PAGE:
Tuesday, August 30, 2011

Head of Euro-Zone Bailout Fund: 'The Crisis Will Be Over in Two to Three Years'

August 30, 2011

Klaus Regling, the German CEO of the euro zone's bailout fund, the European Financial Stability Facility, is confident that the monetary union can overcome the current crisis. He considers the euro zone to be in a better position than the US when it comes to public debt, and accuses his fellow Germans of "hysteria."

The picture, a Balinese island landscape, is still leaning against the wall where it was a year ago. Back then, the European Financial Stability Facility (EFSF) had just recently been set up, and its chief executive officer, Germany's Klaus Regling, was too busy to hang the souvenir from Indonesia on the wall.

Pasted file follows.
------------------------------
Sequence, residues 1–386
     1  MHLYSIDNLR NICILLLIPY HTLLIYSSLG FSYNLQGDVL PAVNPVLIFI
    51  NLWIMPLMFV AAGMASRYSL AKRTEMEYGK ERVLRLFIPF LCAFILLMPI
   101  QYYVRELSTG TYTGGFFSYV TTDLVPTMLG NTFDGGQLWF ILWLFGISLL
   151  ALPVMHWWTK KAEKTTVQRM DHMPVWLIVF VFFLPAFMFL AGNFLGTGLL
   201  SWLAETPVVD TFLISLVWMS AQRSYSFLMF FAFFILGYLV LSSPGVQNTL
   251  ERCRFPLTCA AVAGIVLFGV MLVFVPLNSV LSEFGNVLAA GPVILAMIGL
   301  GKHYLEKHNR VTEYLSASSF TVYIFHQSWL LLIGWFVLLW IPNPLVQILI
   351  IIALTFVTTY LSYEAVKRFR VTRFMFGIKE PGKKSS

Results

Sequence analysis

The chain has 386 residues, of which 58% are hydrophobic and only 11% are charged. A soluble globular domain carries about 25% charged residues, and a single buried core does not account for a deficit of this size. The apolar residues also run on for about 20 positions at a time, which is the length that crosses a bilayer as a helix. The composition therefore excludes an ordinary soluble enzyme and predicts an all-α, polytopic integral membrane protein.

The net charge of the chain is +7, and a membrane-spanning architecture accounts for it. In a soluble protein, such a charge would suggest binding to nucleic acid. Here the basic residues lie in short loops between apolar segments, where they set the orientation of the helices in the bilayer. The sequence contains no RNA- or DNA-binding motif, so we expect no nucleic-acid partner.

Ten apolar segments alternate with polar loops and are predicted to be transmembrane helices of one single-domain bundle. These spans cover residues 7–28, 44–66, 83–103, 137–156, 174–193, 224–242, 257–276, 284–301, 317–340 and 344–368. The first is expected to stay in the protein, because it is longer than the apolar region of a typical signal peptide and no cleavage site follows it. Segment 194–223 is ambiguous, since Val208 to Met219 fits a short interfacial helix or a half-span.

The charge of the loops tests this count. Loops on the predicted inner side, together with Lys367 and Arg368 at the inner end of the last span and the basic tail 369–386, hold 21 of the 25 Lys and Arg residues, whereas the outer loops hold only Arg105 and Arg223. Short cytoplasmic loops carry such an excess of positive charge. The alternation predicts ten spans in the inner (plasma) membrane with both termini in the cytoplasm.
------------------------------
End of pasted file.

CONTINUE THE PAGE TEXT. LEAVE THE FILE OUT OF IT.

He is still just as busy today. Three European bailout packages later, it is clear that the EFSF and the European Stability Mechanism (ESM), which will succeed it in 2013, will have even more to do in the future. European heads of state and government recently decided to substantially upgrade both funds.

What is now taking shape at the EFSF's offices at 43, Avenue John F. Kennedy in Luxembourg City is the nucleus of a super-authority with which the 17 countries in the euro zone hope to save their currency. The amount of money it has at its disposal in the event of an emergency -- €440 billion ($634 billion) -- is three times as large as the entire European Union budget. The EFSF and the ESM will have a similarly important effect on the stability of the euro zone as the European Central Bank (ECB).


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